21. V. Alyshev – deputy head of the Main Investigative Directorate of the Russian Investigations Committee who exonerated from liability Interior Ministry officials who persecuted Sergei Magnitsky

22. A. Iskantsev – acting head of the Main Investigative Directorate of the Russian Investigations Committee who exonerated from liability Interior Ministry officials who persecuted Sergei Magnitsky

23. S. Olkhovnikov – deputy head of the second investigative section of the first investigative department for Central District of the Main Investigative Directorate of the Russian Investigations Committee overseeing the posthumous persecution of Sergei Magnitsky and the exoneration of officials implicated by Magnitsky in the US$230 million theft

24. S. Kiryukhin – head of the second investigative section of the first investigative department of the Main Investigative Directorate of the Russian Investigations Committee overseeing the posthumous persecution of Sergei Magnitsky and the exoneration of officials implicated by Magnitsky in the US$230 million theft

25. L. Kolobkova – deputy head of the first investigative department of the Main Investigative Directorate of the Russian Investigations Committee overseeing the posthumous persecution of Sergei Magnitsky and the exoneration of officials implicated by Magnitsky in the US$230 million theft

26. A. Prokopets – acting head of the first investigative department of the Main Investigative Directorate of the Russian Investigations Committee overseeing the posthumous persecution of Sergei Magnitsky and the exoneration of officials implicated by Magnitsky in the US$230 million theft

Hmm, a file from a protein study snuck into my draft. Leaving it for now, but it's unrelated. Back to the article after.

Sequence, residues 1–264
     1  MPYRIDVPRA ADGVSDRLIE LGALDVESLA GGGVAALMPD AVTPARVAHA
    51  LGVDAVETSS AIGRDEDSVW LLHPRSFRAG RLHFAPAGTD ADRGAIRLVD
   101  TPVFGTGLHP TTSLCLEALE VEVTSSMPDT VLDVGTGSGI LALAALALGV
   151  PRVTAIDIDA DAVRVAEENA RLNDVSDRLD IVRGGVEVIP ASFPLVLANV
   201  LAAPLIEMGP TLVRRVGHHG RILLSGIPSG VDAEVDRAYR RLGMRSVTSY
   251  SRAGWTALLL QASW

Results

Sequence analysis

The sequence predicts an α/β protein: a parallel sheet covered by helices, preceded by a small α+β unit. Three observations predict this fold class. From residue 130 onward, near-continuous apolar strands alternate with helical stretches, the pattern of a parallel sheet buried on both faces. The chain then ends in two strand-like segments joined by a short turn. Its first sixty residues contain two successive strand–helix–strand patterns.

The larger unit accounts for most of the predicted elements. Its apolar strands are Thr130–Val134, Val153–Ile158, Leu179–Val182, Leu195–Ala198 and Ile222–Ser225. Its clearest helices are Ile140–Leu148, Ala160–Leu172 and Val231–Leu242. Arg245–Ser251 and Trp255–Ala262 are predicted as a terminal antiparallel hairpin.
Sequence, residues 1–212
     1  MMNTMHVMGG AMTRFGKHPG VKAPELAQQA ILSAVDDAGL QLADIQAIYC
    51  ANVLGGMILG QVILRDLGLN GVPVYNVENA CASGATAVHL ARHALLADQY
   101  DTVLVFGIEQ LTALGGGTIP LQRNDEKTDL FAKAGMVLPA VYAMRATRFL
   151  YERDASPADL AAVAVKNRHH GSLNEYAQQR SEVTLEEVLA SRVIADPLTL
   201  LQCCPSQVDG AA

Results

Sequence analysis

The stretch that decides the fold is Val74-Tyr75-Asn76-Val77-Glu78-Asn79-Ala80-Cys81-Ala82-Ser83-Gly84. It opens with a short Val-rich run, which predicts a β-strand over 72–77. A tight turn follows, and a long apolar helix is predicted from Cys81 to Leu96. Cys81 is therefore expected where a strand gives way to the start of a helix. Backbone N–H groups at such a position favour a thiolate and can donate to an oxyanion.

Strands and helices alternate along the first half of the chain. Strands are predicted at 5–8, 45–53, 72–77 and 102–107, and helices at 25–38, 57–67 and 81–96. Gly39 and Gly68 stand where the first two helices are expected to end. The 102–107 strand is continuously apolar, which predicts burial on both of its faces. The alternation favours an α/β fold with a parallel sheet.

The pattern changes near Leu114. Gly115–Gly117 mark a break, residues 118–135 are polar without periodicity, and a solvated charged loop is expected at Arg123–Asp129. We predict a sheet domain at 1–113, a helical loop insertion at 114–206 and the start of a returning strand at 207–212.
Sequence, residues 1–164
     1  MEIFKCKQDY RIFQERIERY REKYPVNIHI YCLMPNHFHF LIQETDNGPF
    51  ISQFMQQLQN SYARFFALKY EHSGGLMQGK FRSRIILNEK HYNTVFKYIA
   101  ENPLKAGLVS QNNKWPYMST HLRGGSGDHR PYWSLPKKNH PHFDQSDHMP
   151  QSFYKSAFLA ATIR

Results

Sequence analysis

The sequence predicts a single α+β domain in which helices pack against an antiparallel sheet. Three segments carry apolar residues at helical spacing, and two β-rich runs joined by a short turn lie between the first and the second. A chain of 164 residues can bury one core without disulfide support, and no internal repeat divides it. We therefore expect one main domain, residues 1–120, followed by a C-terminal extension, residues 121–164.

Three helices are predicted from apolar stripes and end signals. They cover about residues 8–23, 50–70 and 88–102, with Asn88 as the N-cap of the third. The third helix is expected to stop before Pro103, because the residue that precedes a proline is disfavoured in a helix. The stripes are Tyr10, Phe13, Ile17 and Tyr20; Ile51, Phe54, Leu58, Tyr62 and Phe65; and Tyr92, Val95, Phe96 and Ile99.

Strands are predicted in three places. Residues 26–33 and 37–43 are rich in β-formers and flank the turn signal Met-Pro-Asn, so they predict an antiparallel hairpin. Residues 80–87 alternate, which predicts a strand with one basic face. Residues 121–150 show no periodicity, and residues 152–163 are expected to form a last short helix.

27. R. Erdniev – deputy head of the Directorate of Procedural Oversight over Investigations of Especially Important Cases in Federal Districts of the Russian Investigations Committee overseeing the posthumous persecution of Sergei Magnitsky and the exoneration of officials implicated by Magnitsky in the US$230 million theft

28. Y. Tyutyunnik – acting head of the Main Investigative Directorate of the Investigations Committee overseeing the posthumous persecution of Sergei Magnitsky and the exoneration of officials implicated by Magnitsky in the US$230 million theft.

For further information please contact:

Global Justice for Sergei Magnitsky

+44 207 440 1777

info@lawandorderinrussia.org

www.lawandorderinrussia.org

www.billbrowder.com

twitter.com/Billbrowder

 
Extract from Mrs Magnitskaya’s Complaint against her son’s posthumous persecution

Below is an extract from the complaint filed with the Russian Interior Ministry by Mrs Magnitskaya’s lawyer against her son’s posthumous persecution:

“The investigation of this criminal case affects the constitutional rights of Mrs Magnitskaya and her deceased son.